Subject: I have found a DVD that I think you would enjoy
|The Last House on the Left |
Unrated Collectors Edition
Actors: Sandra Peabody, Lucy Grantham, David Hess, Fred J. Lincoln, Jeramie Rain
Director: Wes Craven
Genres: Horror, Science Fiction & Fantasy, Mystery & Suspense
Studio: Tcfhe/mgm Release Date: 02/24/2009 Run time: 84 minutes Rating: R
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"How'd we get into the sex crime business anyway?"
cookieman108 | Inside the jar... | 04/03/2005
(3 out of 5 stars)
"I don't think I've ever seen a film that has as many titles as The Last House on the Left (1972)...let's see...it was also known as Grim Company, Krug & Company, Krug and Company (see how they replaced the `&' with `and'?), Last House on the Left (they left the `The' part off here...I know, a minor distinction), Night of Vengeance, and Sex Crime of the Century, both of these last two being working titles...it's funny as almost any of these other titles would have been more applicable, but there you go...produced by Sean S. Cunningham (Friday the 13th), written and directed by horror maven Wes Craven (I'm a poet and didn't know it), the man behind the popular Nightmare on Elm Street and Scream films, the film features Sandra Cassel (The Filthiest Show in Town), Lucy Grantham, David Hess (Swamp Thing), Fred J. Lincoln (who has since gone on to the wonderful world of adult films as not only and actor but also as a director...you may remember him from the film Edward Penishands 3), Jeramie Rain (The Abductors), Marc Sheffler, Gaylord St. James (Deadly Weapons), Cynthia Carr, Marshall Anker (Shamus), and character actor Martin Kove, who many probably most will recognize as the very nasty and uptight Cobra Kai Sensei John Kreese from the film The Karate Kid (1984).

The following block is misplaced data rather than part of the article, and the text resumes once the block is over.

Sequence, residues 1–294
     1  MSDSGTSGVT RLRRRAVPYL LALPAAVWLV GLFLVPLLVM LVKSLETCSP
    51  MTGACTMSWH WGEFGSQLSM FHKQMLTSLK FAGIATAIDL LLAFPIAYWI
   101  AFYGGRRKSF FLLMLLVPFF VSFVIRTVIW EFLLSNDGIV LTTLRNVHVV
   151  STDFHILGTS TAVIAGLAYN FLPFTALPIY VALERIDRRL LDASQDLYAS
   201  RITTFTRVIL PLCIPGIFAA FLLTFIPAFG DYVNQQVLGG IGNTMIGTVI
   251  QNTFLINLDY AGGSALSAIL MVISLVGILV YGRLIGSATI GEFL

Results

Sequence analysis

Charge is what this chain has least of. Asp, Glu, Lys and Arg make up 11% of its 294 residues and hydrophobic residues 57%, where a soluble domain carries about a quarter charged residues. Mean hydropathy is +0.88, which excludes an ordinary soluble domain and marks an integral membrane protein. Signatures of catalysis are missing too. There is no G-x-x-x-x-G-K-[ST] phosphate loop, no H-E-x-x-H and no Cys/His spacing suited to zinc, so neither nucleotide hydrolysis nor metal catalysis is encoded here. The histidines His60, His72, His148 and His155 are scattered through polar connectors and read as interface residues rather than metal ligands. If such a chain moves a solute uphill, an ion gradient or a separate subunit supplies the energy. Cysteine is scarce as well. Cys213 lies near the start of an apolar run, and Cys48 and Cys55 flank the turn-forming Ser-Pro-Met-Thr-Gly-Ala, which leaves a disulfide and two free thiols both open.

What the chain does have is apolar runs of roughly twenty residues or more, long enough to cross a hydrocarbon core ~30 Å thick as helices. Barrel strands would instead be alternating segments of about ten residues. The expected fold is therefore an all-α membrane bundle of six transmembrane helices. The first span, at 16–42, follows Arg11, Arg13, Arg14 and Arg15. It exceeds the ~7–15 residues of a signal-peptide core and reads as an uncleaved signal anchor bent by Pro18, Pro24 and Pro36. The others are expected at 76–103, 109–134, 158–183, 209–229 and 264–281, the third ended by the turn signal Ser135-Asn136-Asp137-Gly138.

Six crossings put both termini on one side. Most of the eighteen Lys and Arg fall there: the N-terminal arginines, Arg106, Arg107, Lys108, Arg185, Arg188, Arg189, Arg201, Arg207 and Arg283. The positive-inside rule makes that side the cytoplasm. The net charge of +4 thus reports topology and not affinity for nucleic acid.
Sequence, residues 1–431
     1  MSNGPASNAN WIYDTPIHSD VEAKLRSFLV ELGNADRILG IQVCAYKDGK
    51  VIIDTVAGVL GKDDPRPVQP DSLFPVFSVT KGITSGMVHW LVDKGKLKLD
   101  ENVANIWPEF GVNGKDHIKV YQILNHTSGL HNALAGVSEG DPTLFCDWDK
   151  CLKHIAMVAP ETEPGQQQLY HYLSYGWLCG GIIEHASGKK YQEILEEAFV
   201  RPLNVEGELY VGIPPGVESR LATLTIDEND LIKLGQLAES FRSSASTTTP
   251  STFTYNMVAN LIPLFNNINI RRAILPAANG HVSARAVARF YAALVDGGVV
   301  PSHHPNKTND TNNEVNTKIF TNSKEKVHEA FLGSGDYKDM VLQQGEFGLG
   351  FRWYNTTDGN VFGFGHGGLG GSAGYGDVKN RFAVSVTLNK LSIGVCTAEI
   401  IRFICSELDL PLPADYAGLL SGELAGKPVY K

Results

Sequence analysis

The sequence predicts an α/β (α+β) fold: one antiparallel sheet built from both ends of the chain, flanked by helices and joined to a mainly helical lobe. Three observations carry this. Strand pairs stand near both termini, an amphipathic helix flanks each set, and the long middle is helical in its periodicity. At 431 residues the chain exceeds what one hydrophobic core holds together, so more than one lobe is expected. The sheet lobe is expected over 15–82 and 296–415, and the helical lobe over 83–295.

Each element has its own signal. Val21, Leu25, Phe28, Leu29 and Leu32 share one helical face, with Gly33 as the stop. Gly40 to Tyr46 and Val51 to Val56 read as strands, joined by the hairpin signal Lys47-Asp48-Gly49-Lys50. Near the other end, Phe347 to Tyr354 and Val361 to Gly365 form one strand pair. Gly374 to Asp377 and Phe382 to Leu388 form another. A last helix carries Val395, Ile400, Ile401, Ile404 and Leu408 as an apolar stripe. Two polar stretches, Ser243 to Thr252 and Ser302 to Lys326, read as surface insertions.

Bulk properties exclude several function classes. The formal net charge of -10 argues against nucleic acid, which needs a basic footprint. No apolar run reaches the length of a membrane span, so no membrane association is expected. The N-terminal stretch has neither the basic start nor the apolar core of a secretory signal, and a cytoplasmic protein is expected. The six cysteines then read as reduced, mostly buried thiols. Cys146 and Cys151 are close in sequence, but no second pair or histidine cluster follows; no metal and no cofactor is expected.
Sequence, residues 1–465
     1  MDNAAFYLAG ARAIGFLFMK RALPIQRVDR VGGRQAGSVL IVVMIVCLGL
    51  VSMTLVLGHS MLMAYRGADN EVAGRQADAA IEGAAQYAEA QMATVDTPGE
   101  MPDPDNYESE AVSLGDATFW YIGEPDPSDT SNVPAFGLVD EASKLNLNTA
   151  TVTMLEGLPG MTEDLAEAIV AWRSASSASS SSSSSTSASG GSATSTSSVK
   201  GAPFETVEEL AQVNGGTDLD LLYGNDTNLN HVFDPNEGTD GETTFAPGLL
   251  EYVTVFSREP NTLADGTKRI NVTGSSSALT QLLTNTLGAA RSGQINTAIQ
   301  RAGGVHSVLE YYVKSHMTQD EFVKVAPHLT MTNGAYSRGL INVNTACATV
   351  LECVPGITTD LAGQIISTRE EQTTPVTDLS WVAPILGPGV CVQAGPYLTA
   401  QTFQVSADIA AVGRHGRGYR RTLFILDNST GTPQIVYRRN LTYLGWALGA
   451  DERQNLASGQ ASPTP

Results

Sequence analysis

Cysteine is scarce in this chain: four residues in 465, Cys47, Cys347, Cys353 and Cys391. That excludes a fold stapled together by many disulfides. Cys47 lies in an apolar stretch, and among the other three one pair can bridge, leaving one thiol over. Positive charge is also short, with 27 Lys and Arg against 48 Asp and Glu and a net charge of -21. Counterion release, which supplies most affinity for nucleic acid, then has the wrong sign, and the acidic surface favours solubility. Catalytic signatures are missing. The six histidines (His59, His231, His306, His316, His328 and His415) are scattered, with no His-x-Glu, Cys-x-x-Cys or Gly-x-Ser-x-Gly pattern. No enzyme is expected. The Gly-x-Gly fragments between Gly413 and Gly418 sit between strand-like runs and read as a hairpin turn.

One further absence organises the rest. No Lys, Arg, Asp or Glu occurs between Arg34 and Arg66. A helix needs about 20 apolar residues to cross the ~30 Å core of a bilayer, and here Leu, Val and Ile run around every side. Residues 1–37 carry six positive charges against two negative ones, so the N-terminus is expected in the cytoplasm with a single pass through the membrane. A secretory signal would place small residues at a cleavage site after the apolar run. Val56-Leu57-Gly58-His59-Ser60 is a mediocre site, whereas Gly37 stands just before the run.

The film starts off with a shower scene, and we get a nice shot of Sandra Cassel's jubblies. She plays the character of Mari, and we soon find out she's going out with a friend, Phyllis (Grantham), to see a concert featuring a band called Bloodlust. Her parents, played by Gaylord St. James and Cynthia Carr, are concerned, but she has just turned 17, and you can't keep them on the farm forever. Anyway, as the girls drive into the city, we hear a news broadcast on the radio, going into great detail, about a couple of very nasty criminals who've recently escaped, and are the focal point for a statewide manhunt, along with their two accomplices. We then cut to a seedy apartment where we get to meet these lovely individuals, obviously all New Yorkers given their accents, featuring Krug (Hess), who appears to be the leader, Fred 'Weasel' Podowski (Lincoln), who looks like the illegitimate love child of Joe Pesci and Arnold Horshack, Krug's son Junior (Sheffler), who definitely looks like Arnold Horshack, and finally the group floozie Sadie (Rain). Okay, so now the girls are in the city, and they approach Junior, who just happens to be standing outside, for some wacky tobaccy, to which he lures them up to the apartment (Sadie couldn't handle the three of them I guess so they decided to recruit some fresh meat), and thus begins the defilement. The following day the group decides to leave the city (too much heat) and they toss the girls in the trunk. Their car eventually breaks down out in the country near familiar surroundings, and more defilement takes place in the woods. Eventually retribution comes, and in some very unique forms...